After exit the cathedral, what most comes to your sight is an enormous Mexican flag just in the center of the Zocalo. In this giant square is where each September 15, hundreds of thousands of Mexicans reunite with their eyes looking at National Palace to listen the traditional “independence scream”, that is the moment when the president of Mexico comes out to the balcony and scream “Long live to heroes that gave us this land! Viva Hidalgo! Viva Morelos! Viva Josefa Ortiz de Dominguez! Viva Mexico! Viva Mexico!” This celebration is to commemorate the Mexican independence, when a group of insurgents leadered by the priest Miguel Hidalgo y Costilla declared themselves against the Spanish crown. The independence war began in 1810 and ended until 1821, when Guadalupe Victoria was declared as the first president of Mexico.

What is good about doing a tour in a private way is that you travel only with the people you care. With BTUVI, the more people on the tour the cheaper per person. Also, having a private guide makes that him or her can explain in detail each visited place. Do you have questions in English? We answer you! Speak French? We can help you! Come from Korea? No problem! We know the details, stories and legends from each place and we are going to tell you.

Actually, National Palace is the home of the president of Mexico, but what is most important is everything that is inside there. During the splendor of Aztec empire, in that place was the Moctezuma Xocoyotzin Palace, but when the Spanish conquerors came, instead of this palace, they put over the current construction that holds a great part of the Mexican contemporary pictoric work.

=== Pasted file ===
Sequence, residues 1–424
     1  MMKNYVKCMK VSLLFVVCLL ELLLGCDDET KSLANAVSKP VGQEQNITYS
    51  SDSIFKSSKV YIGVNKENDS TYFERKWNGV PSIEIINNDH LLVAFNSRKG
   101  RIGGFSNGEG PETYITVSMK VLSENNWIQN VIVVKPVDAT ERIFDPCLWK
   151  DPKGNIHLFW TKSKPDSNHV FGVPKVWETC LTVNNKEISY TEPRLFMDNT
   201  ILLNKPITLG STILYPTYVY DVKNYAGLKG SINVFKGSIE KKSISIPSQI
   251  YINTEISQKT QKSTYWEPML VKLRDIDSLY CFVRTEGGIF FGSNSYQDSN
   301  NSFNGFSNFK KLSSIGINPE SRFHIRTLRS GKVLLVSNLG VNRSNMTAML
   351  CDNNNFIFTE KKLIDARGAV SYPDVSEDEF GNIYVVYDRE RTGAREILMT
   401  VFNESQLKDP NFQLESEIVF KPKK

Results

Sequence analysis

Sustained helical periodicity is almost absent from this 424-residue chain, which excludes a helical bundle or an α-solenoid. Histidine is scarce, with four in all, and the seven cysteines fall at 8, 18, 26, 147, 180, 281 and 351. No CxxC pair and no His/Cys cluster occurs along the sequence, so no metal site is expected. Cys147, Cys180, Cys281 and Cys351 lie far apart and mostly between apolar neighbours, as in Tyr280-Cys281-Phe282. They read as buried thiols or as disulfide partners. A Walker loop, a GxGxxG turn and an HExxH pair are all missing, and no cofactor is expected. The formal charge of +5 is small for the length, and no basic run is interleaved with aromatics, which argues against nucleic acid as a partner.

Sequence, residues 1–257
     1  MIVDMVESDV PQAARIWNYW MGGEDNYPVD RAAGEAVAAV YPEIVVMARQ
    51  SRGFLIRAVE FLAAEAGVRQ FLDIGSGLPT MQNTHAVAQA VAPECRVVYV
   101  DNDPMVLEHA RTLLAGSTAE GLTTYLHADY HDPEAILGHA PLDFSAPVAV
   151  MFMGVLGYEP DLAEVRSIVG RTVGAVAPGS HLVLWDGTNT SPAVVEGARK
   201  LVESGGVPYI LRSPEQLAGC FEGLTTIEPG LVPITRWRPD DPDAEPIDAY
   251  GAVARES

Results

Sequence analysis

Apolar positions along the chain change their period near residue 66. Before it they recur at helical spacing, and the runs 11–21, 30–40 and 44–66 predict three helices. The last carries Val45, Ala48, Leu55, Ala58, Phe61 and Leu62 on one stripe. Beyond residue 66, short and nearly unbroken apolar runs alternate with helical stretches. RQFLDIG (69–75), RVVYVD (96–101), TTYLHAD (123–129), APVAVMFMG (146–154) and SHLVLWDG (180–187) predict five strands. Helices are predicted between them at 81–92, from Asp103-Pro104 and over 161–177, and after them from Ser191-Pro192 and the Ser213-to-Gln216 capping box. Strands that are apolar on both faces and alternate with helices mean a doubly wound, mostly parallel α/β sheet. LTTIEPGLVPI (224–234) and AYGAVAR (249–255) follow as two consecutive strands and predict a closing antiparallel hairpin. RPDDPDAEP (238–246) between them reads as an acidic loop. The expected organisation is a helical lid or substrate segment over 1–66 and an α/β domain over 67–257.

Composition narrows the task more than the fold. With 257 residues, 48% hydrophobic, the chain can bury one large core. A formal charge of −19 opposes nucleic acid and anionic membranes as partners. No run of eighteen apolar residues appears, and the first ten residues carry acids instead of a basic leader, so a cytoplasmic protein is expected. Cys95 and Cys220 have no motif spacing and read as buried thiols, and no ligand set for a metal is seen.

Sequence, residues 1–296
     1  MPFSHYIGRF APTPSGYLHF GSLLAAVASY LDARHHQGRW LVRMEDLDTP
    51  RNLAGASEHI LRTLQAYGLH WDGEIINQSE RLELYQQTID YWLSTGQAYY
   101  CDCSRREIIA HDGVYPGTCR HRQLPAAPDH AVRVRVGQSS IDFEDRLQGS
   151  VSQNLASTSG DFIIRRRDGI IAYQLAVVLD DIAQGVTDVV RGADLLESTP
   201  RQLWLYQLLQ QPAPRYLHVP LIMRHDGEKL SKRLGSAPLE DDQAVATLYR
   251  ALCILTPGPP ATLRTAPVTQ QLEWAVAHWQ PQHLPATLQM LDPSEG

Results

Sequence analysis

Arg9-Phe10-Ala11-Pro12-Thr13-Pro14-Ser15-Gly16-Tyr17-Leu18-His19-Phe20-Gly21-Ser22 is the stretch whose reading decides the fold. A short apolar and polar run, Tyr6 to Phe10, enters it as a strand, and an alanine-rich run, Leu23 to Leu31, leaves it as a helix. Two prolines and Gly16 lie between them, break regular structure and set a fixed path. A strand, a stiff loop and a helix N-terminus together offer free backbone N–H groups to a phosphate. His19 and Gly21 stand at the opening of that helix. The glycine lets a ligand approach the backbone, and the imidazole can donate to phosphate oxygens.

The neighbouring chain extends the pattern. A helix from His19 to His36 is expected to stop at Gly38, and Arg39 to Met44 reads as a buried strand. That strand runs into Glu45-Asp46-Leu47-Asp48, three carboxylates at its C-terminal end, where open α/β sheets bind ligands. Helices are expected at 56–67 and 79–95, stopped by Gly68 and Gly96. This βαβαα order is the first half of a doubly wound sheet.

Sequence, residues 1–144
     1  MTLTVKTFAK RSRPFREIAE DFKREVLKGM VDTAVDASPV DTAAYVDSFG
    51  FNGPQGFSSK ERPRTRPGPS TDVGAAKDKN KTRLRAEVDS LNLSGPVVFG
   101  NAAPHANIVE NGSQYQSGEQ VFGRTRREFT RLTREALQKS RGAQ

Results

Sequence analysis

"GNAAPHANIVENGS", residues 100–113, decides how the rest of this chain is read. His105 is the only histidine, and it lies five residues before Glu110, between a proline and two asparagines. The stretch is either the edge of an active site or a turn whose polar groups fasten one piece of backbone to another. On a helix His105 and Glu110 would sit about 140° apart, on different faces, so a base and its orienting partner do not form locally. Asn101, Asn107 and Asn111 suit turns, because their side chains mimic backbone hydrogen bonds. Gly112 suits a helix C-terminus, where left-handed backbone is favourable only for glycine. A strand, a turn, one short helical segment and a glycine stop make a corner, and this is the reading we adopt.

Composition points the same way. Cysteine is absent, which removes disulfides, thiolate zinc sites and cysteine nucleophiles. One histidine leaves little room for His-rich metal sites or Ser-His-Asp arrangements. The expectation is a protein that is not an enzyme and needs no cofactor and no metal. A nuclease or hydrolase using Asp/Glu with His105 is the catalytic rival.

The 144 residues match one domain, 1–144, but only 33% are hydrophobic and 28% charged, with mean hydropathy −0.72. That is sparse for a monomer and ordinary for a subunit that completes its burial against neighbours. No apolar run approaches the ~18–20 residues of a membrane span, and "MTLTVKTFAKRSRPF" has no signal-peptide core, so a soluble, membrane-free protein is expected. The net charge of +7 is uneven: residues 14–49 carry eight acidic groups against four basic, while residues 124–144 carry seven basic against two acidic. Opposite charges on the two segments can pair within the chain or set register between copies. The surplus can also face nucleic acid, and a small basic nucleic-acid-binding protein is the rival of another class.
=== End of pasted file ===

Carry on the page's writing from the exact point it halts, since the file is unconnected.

In National Palace there are paints of the independence heroes, such as Vicente Guerrero, Miguel Hidalgo and José María Morelos y Pavón. Also, in their different rooms, such as the Ambassadors, Juárez, Purple, Green, Blue or the parlamentary enclosure, it can be observed samples of different Mexican history chapters, but what most highlights, are the murals of Diego Rivera in the stairs cube of the central courtyard. The story tells that the then public education secretary, José Vasconcelos, ask Rivera to narrate the Mexican epic with a paint. The reason: in that time, the majority of Mexicans were illiterate and the only way to communicate their own history was through the painting.

Next to National Palace, there is the Major Temple. Is incredible to admire how two cultures live together in a same place: Prehispanic with Spanish. The Major Temple was the main building of the ancient Tenochtitlan and here was the political center of this civilization. Also, here were the Eagles House, the Calmecac, the ball game and the Ehécatl Temple. Its a whole experience to live it.

But when the night falls, is time to celebrate and sing, and the best place in the city is Garibaldi. If you want to live the authentic experience of Mexican music, Garibaldi is your place. Here you’ll find a lot of mariachis –the mariachi is a type of music from Mexico worldwide recognized– and you can know some restaurants with shows and folkloric dances accompanied with the best tequila.

And here ends this tour, but there is more in Mexico City. Did you see why with only one private tour is not enough?

Pin It on Pinterest